Greg Ott [14:49]
Yeah, that’s the beauty of it. It goes both ways. Right? And you see the people we also reward the people who give praise. And you start seeing those people who Take pride in being one of the recognizers of other people. I have a personal phrase I use when I’m recruiting I just look for is hungry, humble, and smart. And that doesn’t quit. That just happens not necessarily the same as our values. But I look for humility, I look for humility and leaders. And so part of what’s nice about the shout out is you don’t have to toot your own horn, that we recognize the people who spend time tooting The horn on behalf of other people. And then it becomes a bit of a self-managing platform is when people aren’t operating within those values. You don’t need to have a manager or an executive get involved or HR get involved, right? The organism starts to self-correct. They point out that Hey, man, that wasn’t cool what you did or you know, hey, we’re all working late, why can’t you and it so it helps reinforce even correct some of the bad data.
Gene Hammett [16:01]
I’ve seen those things work across many organizations, you have put a lot of focus on values. Is there this come from someplace? Or is it just something that you wanted to create when you got into a real leadership role?
Greg Ott [16:17]
Yeah, I think, you know, I’ve had the fortune of working for a lot of different sized companies. I’ve worked for three fortune 500 companies. I’ve done three startups. And I just said, What’s that? What gets you energized on that Monday morning? There’s nothing like the Sunday night dread. There’s a name for it, of like, Oh, crap, I gotta go to work tomorrow. Right. So what were the best experiences I’ve had, how do I just build a company around that? And so much, but it wasn’t about what is the nature of the work you have to do. It’s what’s the environment you work with your work in, and that’s the people and the way things get done. I’ve been in companies where you know, it was all you know, Highly pedigreed, you know, big titles, people, and it’s extremely competitive and cutthroat. And that was just what you signed up for. It was an upper out system. And I’m like, I’m competitive by nature. And so I did well, and I thrived in that. But I just realized how many people don’t thrive in that where people really thrive is when they do their best work around equally talented and equally motivated people. And so what attracted me to move from I was with a large company. I was with Intuit prior to this, and I was attracted to get back to a start up because I just wanted to build the type of company I’ve always wanted to work for. And you can only really do that when you start small. You got to put the values in place early.
Gene Hammett [17:44]
I want to put the rest of our focus here on the value that has at the end down there ownership. Where did it come for you? And why did it have to be a part of these values?
Greg Ott [17:56]
Yeah, I think if if if there’s to individual and ownership and ownership is so much about. You can wrap so many the other ones in there, it’s about taking pride in your work. It’s about never settling. It’s about realizing that, you know, building a company is a team sport, all those things come together. But then recognizing that you’re, you’re the end benefit of it is for yourself. And I think one of the interesting things in terms of values-driven companies is a lot of them can get on the track of being almost more like a nonprofit, right? Where you have to somehow find that intersection of we’ve got to be a profitable company, we’ve got to continue to grow and have growth aspirations, and at the same time, have this value of doing things right and treating each other well. And so, ownership kind of visible to me, the value that starts to bridge the two because I want people who want to win.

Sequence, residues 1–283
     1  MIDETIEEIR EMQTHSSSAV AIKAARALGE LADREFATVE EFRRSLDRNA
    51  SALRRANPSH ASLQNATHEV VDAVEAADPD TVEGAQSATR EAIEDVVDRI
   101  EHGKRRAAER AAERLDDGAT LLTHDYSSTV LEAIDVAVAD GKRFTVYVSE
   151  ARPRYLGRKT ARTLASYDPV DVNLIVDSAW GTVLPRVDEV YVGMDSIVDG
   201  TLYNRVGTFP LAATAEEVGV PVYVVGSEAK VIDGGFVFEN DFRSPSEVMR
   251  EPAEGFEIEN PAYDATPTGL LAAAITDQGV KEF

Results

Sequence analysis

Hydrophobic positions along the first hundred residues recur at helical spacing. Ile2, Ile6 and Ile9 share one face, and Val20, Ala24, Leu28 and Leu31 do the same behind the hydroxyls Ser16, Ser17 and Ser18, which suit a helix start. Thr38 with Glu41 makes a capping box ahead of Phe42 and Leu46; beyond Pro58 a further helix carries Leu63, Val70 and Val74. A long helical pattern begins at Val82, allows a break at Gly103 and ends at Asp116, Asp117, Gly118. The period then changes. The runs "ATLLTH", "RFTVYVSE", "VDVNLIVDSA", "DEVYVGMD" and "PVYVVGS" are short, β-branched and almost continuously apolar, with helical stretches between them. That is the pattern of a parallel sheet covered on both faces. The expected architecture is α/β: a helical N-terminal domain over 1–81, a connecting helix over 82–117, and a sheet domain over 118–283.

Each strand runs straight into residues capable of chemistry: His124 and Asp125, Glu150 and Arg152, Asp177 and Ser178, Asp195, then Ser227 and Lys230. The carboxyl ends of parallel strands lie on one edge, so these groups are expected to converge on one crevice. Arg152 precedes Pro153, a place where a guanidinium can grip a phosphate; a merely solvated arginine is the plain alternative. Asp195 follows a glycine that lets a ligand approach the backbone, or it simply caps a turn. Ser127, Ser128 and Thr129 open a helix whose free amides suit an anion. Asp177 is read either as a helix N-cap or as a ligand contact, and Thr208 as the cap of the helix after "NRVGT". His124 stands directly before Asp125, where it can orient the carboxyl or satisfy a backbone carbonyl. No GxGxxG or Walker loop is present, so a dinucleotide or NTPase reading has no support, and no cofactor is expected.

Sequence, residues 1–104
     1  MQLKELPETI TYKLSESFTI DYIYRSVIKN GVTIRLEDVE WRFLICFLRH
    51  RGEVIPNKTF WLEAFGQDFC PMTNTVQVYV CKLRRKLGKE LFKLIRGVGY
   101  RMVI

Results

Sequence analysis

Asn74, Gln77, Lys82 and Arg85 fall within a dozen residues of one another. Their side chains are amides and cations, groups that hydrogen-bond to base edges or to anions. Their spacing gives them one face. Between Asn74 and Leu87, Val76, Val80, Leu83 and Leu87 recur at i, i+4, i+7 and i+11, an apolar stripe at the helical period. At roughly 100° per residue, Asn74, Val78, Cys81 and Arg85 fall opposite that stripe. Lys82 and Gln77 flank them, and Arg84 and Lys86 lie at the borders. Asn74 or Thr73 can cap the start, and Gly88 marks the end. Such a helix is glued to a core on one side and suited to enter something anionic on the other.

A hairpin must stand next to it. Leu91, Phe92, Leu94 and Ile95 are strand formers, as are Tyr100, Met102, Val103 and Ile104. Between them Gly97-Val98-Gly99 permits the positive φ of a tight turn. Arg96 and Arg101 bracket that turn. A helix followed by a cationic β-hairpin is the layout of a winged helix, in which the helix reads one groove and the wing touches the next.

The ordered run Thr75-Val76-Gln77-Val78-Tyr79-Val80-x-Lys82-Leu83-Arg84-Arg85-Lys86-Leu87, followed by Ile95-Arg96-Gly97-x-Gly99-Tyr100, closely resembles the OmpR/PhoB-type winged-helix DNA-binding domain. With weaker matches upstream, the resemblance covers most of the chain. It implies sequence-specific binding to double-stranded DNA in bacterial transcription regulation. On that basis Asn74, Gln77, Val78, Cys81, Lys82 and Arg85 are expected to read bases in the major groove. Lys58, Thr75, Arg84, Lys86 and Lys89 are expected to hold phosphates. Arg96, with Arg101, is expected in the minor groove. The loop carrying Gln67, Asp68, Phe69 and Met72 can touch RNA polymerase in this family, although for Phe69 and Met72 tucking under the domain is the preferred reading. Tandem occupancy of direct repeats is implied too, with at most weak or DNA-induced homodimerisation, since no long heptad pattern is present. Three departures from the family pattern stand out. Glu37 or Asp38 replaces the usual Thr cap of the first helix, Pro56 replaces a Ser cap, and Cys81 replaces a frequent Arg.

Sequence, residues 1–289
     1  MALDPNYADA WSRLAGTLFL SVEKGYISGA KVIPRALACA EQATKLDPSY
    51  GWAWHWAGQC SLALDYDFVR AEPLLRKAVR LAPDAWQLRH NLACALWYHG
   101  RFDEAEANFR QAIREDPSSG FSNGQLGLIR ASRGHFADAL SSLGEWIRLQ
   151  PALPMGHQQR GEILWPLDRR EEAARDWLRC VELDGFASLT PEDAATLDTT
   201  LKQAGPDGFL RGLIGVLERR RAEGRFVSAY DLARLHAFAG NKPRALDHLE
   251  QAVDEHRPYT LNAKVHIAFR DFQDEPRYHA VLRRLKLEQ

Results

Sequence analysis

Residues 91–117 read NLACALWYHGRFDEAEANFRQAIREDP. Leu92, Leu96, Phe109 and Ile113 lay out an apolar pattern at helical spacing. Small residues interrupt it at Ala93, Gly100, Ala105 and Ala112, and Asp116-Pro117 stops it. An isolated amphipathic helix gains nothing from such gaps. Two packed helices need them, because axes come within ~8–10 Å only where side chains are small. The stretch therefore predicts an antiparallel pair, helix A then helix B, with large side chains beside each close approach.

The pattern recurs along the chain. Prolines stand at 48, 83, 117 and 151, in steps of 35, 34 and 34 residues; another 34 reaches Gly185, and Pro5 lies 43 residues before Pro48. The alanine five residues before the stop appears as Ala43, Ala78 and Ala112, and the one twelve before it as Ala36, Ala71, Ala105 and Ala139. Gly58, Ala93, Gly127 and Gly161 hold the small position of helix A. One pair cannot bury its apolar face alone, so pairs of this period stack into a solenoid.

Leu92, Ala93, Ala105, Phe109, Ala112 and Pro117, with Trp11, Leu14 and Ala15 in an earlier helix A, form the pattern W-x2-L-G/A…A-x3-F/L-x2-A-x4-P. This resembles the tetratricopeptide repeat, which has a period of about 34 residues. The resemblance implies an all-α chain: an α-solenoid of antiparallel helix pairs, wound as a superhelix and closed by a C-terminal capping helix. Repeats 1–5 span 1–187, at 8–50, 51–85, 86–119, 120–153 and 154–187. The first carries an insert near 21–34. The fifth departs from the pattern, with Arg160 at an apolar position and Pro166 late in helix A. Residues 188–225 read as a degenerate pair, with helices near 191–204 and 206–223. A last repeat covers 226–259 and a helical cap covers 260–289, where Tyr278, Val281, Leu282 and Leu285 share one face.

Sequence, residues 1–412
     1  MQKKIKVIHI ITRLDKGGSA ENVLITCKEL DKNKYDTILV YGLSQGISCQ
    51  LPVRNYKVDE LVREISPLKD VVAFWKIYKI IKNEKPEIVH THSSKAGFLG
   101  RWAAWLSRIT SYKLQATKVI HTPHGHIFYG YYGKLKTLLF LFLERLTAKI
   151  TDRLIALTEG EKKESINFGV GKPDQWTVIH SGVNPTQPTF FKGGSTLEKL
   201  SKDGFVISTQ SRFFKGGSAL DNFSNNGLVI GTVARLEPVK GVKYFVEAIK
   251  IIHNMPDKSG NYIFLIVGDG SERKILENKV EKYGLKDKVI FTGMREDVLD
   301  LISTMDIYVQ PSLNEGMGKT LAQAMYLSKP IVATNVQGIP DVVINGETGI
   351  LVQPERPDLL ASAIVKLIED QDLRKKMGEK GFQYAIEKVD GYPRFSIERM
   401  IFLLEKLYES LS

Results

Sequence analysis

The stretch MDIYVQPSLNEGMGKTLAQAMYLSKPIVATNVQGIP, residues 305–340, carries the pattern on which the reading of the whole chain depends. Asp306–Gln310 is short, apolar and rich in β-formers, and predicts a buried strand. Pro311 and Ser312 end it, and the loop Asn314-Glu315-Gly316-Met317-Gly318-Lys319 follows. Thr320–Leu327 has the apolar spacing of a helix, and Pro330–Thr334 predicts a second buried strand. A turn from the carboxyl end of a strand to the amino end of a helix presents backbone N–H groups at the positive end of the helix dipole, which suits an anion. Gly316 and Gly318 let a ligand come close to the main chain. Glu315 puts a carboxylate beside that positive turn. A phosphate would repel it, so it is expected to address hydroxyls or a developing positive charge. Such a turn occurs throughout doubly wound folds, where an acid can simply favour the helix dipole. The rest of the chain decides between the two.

Greg Ott [18:58]
I want people who want to be Want NAB to have a wildly successful IPO at some point in the future. And to reap the benefits of that. So they need to feel connected to the rewards of the company grow as much as feeling connected to the way we operate. And reinforcing ownership is really part of that. So we do that through not only through values but through equity, through transparency on the company performance. We share the financial return the good the bad. I’m, I’m trying to be transparent and vulnerable as a leader. So that it is part of them feeling ownership, I tell them to look, I need your help. You guys are owners of the company, I need your own to help me because I’m trying to figure out Should we go this way or should we go that way? And being able to share that to the company is really recognizing them as owners.
Gene Hammett [19:55]
Some people miss understand that ownership thing because I think You could you can take something really too far you can care too much. It’s really dangerous when you care about the work more than your people do. It’s really caring. It’s really important when you don’t have people taking a negative view of that work ownership. Sometimes ownership creates silos. And it really is, it takes it away from that team effect that you’ve been talking about. What are you doing to make sure that it’s taken in the right way? And so that people understand that it really is a team effort, but they’re individually coming in with ownership instead of trying to blame others?